Transsexuals were a hot topic this week—follow the Fray Notes links to find out what "only on the Fray would you read this" referred to. And the Oscar Frays were predictably busy: from a distinguished scholar's input on John Nash (below), to wide-ranging comment on the awards show that went along with David Edelstein and Lynda Obst's wide-ranging "Dialogue."
Subject: Marriage for All
Re: "Frame Game: Transsexuality on Trial"
Date: Thu Mar 21 10:10 a.m. PT
Who or what you identify with sexually or otherwise does not turn you into the identity. Yes, if you love dogs you can have puppy ears attached, but will that make you a dog? Yes, if you are a pedophile you can get a facelift and say you are 15, but does that make you a teen-ager? ... My sympathy is with the alternate-gender identification person, but that is where it ends until we determine marriage to be legal for all gay persons rather than simply one portion excluded by contortion. Marriage or non-marriage for all seems a better way of facing this issue.
Subject: The Importance of Husbands
Re: "Assessment: The Politician's Wife"
Date: Fri Mar 22 10:07 a.m. PT
The formula for the first woman president [includes]: a first gentleman who is a known factor. People can accept that a husband can keep his wife's counsel in perspective but assume that women will give more weight to her husband's counsel. In other words, people will vote for a man who has a wife that doesn't necessarily inspire confidence outside of a first lady's traditional role. They will not vote for a woman whose husband they don't think could handle the job of president.
Subject: A Beautiful Achievement
Re: "The Earthling: Nash Equilibrium"
From: Norman Levitt, professor of mathematics, Rutgers University
Date: Mon Mar 25 6:50 a.m. PT
[John] Nash's stellar reputation among mathematicians does not center on the game theory work. …Other work of Nash's is much more important and striking. In particular, he is best known as the creator of the Isometric Embedding Theorem, which shows that arbitrary Riemannian manifolds can be realized, metrically, as submanifolds of Euclidean space. This is a fundamental result in differential geometry, a field far removed from game theory. The Nobel hardly makes up for the fact that Nash was denied a Fields Medal for this work—in retrospect, a defective judgment. The excessive emphasis on the game-theory paper is one of the ironies of Nash's sudden celebrity.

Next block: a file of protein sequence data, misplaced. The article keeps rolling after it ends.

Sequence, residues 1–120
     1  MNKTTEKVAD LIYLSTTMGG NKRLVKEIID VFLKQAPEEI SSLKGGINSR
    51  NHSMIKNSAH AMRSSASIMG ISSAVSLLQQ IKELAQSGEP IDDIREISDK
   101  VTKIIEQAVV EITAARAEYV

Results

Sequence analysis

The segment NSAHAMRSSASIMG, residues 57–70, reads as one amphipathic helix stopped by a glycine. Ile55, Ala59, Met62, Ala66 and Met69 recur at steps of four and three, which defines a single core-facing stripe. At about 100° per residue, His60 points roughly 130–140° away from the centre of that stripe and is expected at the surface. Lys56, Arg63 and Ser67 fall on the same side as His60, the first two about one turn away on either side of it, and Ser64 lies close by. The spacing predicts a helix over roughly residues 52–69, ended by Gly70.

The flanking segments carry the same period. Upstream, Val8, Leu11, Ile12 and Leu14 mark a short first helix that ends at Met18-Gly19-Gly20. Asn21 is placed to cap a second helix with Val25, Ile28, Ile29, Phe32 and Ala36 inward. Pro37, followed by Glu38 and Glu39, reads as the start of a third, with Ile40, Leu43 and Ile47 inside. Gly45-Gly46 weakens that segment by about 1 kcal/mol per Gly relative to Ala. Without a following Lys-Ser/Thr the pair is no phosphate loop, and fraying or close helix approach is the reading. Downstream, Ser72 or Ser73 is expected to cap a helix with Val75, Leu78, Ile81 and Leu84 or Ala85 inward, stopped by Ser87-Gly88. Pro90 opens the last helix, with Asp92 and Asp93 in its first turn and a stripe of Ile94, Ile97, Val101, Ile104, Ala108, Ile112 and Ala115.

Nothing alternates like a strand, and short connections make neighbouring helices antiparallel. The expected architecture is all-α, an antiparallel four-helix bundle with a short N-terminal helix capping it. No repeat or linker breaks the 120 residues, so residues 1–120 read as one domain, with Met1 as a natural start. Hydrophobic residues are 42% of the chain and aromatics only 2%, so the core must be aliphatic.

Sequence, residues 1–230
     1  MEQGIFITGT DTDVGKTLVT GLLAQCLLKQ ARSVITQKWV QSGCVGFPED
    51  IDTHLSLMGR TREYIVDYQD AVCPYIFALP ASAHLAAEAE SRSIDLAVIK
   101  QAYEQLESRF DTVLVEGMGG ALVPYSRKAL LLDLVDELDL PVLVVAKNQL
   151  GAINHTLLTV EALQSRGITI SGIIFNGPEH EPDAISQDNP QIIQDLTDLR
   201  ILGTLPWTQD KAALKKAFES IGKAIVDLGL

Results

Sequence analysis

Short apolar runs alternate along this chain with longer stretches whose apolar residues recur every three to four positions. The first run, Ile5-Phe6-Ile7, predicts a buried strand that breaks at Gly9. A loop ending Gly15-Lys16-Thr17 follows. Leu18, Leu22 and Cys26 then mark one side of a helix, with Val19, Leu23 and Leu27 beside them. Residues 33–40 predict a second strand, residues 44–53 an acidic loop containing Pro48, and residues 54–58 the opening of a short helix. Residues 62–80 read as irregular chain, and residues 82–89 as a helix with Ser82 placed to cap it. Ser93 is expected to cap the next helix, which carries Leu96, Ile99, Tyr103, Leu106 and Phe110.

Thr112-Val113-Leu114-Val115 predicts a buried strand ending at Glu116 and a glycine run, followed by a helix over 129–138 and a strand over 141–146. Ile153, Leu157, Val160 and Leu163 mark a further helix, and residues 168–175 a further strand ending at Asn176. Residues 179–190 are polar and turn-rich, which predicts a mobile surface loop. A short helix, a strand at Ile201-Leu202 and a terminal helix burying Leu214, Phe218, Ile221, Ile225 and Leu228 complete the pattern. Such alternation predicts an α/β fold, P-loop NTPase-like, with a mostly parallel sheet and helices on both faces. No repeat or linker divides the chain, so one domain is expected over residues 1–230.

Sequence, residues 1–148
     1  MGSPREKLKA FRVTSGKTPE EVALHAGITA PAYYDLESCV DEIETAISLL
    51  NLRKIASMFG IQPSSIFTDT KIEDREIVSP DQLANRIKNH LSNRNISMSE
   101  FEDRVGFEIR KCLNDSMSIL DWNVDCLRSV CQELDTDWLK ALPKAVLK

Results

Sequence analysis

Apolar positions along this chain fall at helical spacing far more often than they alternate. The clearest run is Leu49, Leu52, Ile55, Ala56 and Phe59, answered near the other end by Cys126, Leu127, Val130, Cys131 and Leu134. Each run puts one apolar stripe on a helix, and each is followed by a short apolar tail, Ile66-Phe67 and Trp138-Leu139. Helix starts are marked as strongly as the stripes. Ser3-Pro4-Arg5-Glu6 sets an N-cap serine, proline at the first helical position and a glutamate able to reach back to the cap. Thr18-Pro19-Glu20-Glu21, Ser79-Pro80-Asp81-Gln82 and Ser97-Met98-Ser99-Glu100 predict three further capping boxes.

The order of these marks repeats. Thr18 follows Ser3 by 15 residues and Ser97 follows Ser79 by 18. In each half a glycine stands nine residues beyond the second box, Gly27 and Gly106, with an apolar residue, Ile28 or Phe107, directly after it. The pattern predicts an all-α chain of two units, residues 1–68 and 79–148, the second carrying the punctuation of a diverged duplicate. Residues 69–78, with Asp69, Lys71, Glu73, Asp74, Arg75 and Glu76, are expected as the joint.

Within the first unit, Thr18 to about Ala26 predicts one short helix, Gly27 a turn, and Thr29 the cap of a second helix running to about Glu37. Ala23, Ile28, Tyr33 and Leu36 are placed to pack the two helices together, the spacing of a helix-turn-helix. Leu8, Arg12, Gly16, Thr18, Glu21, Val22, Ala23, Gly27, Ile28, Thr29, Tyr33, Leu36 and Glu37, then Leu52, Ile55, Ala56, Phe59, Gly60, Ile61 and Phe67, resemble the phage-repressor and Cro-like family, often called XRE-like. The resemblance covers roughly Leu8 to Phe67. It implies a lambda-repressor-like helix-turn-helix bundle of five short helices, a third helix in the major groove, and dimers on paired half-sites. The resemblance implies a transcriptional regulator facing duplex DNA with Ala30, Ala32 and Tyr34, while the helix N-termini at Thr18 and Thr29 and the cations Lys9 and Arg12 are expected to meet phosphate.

Subject: Branding for Kmart
Re: "Moneybox: Ad Report Card: Kmart vs. Target"
Date: Wed Mar 20 12:38 p.m. PT
The problem with Kmart's ad campaign is the same as their problem in general: middle-class angst. Instead of being virulently, triumphantly trailer-park and proud of it (like Wal-Mart) or making fun of their own image (like Target, pronounced tar-JAY for maximum hipness effect), Kmart seems acutely embarrassed by its polyester origins. … I think that they'd do better to take advantage of that cachet. "We Suck, but We're Cheap" would be my motto for them.
[Find this post here.]
Favorite poster Gordon the Aussie has been wondering what old posts will be worth in 50 years time: How much, he asks, for your "rant, cant, adverse verse, obtuse prose, whimsical maunderings, polemical punditry, and the odd gem of wit, from everybody who's nobody in the world of letters." As he says, "copyright your diatribe now."
"International Papers" writer June Thomas gets a Fray award for the best correction in Slate: Read and enjoy here.
Fray Talk: Loree explained in a poem why she doesn't want a star: "I'd much rather collect … those pretty blue checkmarks." A good moment to remind readers that Loree and Dave Phoenix are still running "KFDR ((((X)))) Radio Talk Show" at the Kausfiles Fray every Sunday evening—try this week's, here. Persephone in the "Poem" Fray is writing the missing Shakespeare play Henry II, with help from the board's poets. There was also a neat attempt at a co-operative poem, something that should be tried again. Meanwhile the Fray Novel—one chapter each from self-selected Fraysters—is growing ever bigger. Visit it here.
Should the Fray team work shorter hours? BML suggested that posters write their own "Best of the Fray." We are lost in admiration for Rachel's entry here. Meanwhile, is the Fray in decline? BML started the discussion, and Robespierre's contribution is a must-read—and not only because he suggests the Fray team should do less work ...